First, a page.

By having a stable income at your current job and using it as your “backup,” you have much stronger bargaining power when it comes to negotiating a salary on a new job offer. Usually, companies have a wide range of salaries for a specific level of professionals. The difference between the bottom and the top may reach 100% in some cases. In other words, the company may be ready to pay $140k but they put as low as $80k in a job offer for an intermediate software engineer. If you have a backup job and you are not under pressure, you may reject the offer and ask for more.

There’s Less Pressure to Accept an Offer

The final reason why you should consider looking for a job even if you already have one is this: you will feel less pressured to accept the first offer that comes your way. Imagine having to go job hunting after you just quit or lost your job. Wouldn’t the need to put food on the table put pressure on you to accept any job offer that comes your way, even if it’s one that you don’t really feel happy about?

Going on a job hunt while you’re still employed releases you from this pressure, because you know that you’re still financially stable while you wait for the perfect job offer to land in your lap.

The lack of pressure also comes with another benefit: it makes you feel more confident during negotiations. Because you currently have a job, it makes prospective employers think that they need you more than you need them; hence, putting you in a better position at the negotiating table.

Things to Remember When JobHunting While Employed

Looking for a new job while you’re still employed can be quite tricky. It can take a stab at your conscience, put you at risk of getting fired, and even tarnish your professional and personal reputation. However, there are things you can do in order to prevent this from happening.

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  • Let Go of that Guilty Feeling

    It’s normal to feel a little guilty about looking for a new job while you’re still working for your present company. You may feel that you’re not being loyal, or even biting the hand that feeds you, so to speak. However, you need to realize that you’re not doing this to hurt your boss’ or colleagues’ feelings. You’re doing this for your own professional and personal growth, and that is something you don’t have to apologize for.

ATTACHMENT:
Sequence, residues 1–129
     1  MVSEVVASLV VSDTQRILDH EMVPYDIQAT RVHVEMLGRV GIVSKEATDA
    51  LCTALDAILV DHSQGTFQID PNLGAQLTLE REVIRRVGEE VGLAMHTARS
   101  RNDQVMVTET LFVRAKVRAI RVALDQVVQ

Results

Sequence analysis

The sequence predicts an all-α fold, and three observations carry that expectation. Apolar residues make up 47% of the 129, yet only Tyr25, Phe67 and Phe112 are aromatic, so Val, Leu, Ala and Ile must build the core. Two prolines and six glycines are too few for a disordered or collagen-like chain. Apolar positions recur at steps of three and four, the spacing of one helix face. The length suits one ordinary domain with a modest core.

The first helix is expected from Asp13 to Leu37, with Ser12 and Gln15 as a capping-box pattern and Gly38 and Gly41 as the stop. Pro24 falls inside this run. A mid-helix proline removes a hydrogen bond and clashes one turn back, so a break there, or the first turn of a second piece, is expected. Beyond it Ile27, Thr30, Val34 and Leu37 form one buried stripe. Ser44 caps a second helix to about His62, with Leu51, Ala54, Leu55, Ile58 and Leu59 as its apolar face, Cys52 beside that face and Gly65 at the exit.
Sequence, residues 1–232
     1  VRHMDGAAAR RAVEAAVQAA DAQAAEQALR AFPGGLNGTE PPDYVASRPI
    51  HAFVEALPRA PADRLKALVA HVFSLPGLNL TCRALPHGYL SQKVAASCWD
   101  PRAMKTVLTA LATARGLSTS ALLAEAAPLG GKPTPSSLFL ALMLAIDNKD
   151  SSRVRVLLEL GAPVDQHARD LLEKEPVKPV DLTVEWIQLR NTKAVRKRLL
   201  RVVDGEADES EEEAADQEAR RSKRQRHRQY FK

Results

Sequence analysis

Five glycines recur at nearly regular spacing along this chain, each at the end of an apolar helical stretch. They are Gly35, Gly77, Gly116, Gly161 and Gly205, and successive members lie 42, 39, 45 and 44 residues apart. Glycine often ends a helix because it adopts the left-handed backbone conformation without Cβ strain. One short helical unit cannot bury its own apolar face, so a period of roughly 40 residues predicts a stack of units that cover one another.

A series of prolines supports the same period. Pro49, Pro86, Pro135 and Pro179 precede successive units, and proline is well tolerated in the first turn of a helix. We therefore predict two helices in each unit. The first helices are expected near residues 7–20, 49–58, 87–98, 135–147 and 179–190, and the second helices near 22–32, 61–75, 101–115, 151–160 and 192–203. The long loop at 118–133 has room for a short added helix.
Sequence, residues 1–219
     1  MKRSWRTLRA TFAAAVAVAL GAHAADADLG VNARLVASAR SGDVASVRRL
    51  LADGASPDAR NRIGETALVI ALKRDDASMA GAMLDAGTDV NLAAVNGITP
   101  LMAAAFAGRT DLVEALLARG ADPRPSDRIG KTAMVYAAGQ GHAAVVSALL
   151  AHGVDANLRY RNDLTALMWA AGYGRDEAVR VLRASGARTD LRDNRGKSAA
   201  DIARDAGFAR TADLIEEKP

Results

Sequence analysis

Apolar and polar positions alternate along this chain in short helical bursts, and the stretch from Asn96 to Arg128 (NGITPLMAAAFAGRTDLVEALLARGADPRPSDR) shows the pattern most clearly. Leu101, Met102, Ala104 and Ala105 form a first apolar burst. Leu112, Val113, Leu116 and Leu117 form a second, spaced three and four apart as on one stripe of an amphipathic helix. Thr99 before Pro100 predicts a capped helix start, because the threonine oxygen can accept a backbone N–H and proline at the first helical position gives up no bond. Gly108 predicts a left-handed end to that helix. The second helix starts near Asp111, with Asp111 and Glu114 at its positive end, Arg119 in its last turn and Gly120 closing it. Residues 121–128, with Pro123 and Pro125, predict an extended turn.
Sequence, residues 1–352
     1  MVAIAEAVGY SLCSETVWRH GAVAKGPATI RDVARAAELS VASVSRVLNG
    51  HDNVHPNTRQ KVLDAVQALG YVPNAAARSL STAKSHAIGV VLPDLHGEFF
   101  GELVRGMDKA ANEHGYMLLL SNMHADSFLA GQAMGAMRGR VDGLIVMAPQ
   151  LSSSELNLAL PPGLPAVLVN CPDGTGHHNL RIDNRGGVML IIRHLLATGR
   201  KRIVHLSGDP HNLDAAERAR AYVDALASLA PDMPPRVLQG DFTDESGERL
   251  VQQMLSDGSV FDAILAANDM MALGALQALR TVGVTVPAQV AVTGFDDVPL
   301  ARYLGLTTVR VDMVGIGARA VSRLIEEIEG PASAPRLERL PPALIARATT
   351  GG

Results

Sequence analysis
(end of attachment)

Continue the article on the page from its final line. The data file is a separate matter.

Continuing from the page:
In fact, it is perfectly fine for companies to constantly interview candidates to be your new teammates, which some perceive as your competitors. If the company can do that by relying on several workers rather than on a single one, why can’t you do the same and seek “backup” offers in advance?

  • Know Which Skills and Technologies Are In Demand

    Before you start sending out applications, you first need to know what skills and technologies are in demand nowadays. This will give you an idea of whether your skills are better served somewhere else, which is a clear sign that your plan of looking for a new job is indeed the right move to make.

    This will also help you realize what you may be lacking in terms of knowledge and skills. Knowing that, you can start working on acquiring or developing the requisite talents that will make you more desirable among prospective employers.

  • Keep a Finger on the Industry’s Pulse

    Going off from number two, keeping an ear on the changes in your industry is a good way of determining where your knowledge and skills are needed. Remember, many industries have a tendency for rapid and sweeping changes, especially in the tech and IT sector.

  • Maintain Respect for Your Current Employer and Workplace

    One of the biggest mistakes you can make when looking for a new job while you’re still employed is using your current company’s resources for your job hunting activities. Thus, aside from not speaking ill of your current employer, do not use the office computer and printer to write and print your resumes. Also, don’t use the office’s internet connections to send out applications or post your profile on various job search platforms.

    Even if you are itching to get out of your present workplace, you’ll want to do so properly and respectfully. Maintaining respect for your current boss and colleagues will speak more about your personality and professionalism, and can even make a great impression on your future employer.

  • Use Anonymous Job Search Platforms

    It’s always a good idea to keep your job hunting activities a secret to your colleagues and employer. This is not to mislead them, but merely an effort to reduce any tension that such activity tends to bring. For instance, your employer may harbor ill feelings towards you when they find out about your job hunting activities, thinking that you’re backstabbing them after all the time and effort they spent training you and helping you become what you are today.

    This is where anonymous job search platforms like Mirajobs.com can come in and help. With such platforms, you can post your profile and resume online and wait for prospective employers to send you a job offer. And because it’s anonymous, all your personal details are blacked out so your current employer or colleagues won’t know that it’s your profile they’re looking at if they come across it.

Conclusion

Looking for a new job while you’re still employed is indeed a very smart move. Not only will this provide you with a means of protecting your livelihood if things go south with your current employer, but it also opens up the possibility of acquiring a better and more rewarding career.

Share this article with your friends if you believe that the idea of an anonymous job search could help them as well, and don’t forget to create your profile at Mirajobs. It’s free for job seekers, and always will be.

Read more in another article: Why Mirajobs.